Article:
Nairobi Governor Addresses Accumulated Debts in Senate Committee Hearing

Nairobi Governor Johnson Sakaja recently appeared before the Senate County Public Accounts Committee to address the issue of accumulated debts owed by the county to the national government. He revealed that the county owed the national government a staggering amount of Sh215 billion, which had accrued over the years. However, in a counterargument, he stated that the national government also owed the county Sh68 billion.

To tackle the declining revenue collected in the past six years, the governor implemented Nairobi Pay, an automated system for revenue streams, and stopped cash handling by staff to prevent further losses. The committee pointed out that the county had the potential to generate up to Sh19 billion in own source revenue annually, but it was essential to plug revenue leakages.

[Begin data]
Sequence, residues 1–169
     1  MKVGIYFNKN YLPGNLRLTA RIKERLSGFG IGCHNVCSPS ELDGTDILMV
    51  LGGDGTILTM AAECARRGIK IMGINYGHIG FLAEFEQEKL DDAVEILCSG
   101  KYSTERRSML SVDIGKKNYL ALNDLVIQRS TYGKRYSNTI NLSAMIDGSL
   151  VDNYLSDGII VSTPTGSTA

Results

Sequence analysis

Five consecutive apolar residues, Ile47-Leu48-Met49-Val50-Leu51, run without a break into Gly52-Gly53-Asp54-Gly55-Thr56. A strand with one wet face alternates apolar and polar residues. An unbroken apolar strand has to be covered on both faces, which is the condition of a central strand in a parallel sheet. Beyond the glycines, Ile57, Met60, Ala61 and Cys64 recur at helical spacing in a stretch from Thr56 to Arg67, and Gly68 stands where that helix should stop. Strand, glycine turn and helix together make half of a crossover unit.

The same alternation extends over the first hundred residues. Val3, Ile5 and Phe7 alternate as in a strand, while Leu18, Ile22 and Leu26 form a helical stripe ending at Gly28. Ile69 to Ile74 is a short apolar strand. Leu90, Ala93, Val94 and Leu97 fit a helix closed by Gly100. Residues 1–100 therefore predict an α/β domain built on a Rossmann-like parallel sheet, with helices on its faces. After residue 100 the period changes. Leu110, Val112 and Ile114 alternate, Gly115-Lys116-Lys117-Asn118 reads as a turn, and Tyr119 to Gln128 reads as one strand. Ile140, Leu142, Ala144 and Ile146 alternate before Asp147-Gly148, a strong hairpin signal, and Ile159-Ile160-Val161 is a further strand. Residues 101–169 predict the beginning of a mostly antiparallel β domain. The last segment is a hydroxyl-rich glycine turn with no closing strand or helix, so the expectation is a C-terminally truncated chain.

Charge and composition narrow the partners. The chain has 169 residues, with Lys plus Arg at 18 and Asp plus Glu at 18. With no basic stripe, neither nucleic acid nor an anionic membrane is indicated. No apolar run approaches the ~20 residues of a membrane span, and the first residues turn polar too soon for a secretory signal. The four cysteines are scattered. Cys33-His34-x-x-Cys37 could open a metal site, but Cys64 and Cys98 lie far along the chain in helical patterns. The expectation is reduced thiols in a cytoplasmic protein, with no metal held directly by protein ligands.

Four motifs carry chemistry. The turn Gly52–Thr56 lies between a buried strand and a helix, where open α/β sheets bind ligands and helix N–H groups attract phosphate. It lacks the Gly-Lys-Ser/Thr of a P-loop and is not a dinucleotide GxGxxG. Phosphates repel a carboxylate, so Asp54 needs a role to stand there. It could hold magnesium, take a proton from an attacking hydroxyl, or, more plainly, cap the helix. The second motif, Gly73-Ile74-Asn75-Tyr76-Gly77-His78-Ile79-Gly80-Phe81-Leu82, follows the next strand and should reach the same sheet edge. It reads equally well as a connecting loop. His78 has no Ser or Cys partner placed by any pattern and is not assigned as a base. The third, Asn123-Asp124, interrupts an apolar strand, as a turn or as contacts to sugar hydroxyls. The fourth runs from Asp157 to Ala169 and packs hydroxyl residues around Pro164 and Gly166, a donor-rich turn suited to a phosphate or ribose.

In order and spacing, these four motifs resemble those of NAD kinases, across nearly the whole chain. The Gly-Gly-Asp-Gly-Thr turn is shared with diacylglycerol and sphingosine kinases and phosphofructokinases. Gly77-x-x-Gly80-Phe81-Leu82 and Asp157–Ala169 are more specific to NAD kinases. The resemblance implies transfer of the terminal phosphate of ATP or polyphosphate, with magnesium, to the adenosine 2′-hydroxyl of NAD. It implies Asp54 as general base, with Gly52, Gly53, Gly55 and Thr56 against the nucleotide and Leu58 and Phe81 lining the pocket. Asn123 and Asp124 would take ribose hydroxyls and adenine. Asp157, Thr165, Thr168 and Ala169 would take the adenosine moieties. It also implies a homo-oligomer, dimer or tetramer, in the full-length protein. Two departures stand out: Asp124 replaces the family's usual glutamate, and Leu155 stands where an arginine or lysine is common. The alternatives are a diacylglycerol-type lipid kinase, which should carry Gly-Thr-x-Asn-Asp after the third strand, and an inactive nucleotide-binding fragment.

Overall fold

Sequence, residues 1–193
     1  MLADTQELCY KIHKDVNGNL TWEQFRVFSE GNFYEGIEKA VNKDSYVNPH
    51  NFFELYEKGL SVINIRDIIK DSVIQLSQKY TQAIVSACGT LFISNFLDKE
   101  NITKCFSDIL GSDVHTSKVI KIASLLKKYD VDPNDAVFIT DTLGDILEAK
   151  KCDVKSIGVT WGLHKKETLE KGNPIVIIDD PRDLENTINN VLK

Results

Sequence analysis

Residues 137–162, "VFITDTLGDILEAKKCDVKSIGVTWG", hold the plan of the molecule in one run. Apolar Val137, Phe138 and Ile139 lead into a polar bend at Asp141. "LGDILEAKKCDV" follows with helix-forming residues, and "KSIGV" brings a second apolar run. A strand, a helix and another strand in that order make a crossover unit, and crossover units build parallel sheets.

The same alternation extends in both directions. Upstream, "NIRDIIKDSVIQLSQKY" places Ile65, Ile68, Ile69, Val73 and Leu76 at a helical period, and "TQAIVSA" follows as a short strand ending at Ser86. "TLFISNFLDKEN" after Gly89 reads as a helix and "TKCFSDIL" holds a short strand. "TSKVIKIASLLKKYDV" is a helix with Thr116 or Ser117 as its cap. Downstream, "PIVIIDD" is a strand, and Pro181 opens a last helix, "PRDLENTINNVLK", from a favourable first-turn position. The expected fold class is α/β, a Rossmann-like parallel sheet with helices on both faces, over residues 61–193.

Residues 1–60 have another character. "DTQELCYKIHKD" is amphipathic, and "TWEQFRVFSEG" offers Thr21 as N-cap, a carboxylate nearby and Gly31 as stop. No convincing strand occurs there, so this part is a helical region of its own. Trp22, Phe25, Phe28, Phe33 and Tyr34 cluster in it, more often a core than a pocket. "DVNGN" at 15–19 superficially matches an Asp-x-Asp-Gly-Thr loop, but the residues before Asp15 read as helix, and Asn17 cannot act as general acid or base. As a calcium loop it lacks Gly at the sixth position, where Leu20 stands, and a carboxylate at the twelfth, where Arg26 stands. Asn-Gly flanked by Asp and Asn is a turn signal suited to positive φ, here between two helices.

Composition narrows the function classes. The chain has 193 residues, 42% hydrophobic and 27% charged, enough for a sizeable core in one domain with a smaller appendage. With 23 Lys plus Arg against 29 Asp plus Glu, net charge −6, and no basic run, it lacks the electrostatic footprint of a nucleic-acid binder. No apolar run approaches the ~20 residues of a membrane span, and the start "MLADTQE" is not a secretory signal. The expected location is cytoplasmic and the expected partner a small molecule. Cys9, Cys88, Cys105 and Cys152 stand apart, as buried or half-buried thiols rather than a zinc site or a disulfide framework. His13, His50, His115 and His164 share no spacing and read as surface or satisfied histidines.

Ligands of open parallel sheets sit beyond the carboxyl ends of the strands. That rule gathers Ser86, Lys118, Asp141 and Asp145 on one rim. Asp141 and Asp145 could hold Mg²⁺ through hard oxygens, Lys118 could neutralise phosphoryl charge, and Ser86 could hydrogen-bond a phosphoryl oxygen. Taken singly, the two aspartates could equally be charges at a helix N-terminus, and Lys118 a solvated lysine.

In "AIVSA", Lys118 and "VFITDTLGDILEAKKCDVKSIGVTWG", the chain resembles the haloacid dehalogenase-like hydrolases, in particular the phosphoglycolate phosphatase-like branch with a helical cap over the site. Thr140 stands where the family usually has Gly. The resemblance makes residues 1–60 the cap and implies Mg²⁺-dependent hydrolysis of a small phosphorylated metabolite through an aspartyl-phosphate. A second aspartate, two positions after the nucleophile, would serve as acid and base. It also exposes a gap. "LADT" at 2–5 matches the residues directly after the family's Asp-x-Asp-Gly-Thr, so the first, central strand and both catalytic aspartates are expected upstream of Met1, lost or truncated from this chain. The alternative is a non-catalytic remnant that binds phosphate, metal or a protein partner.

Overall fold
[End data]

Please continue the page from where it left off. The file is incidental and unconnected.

During the hearing, State House Comptroller Katoo ole Metito assured the committee that the Office of the President would take responsibility for paying the verified Sh15 billion pending bills incurred during the Nairobi Metropolitan Service (NMS) tenure, as it managed crucial county departments.

The Auditor General’s report raised concerns about the county’s accounting practices, showing discrepancies in own generated revenue figures over the years. For instance, in the Financial Year 2017/2018, Sh14 billion was collected, but only Sh10 billion was documented, leaving Sh4 billion unaccounted for. Similar concerns arose for other fiscal years, with declining revenue figures.

Governor Sakaja announced the formation of a task force, led by Advocate Kamotho Waiganjo, to address pending legal bills. Additionally, he addressed the issue of Sh1.7 billion in power bills, which was reduced to Sh900 million after an audit revealed inaccuracies in the meter readings.

Sakaja acknowledged that the debts owed by the county and the national government had been a source of friction during his tenure as a senator. He expressed his determination to clean up the city’s financial mess during his term as governor, aspiring to elevate Nairobi to its rightful place as one of the world’s greatest cities.


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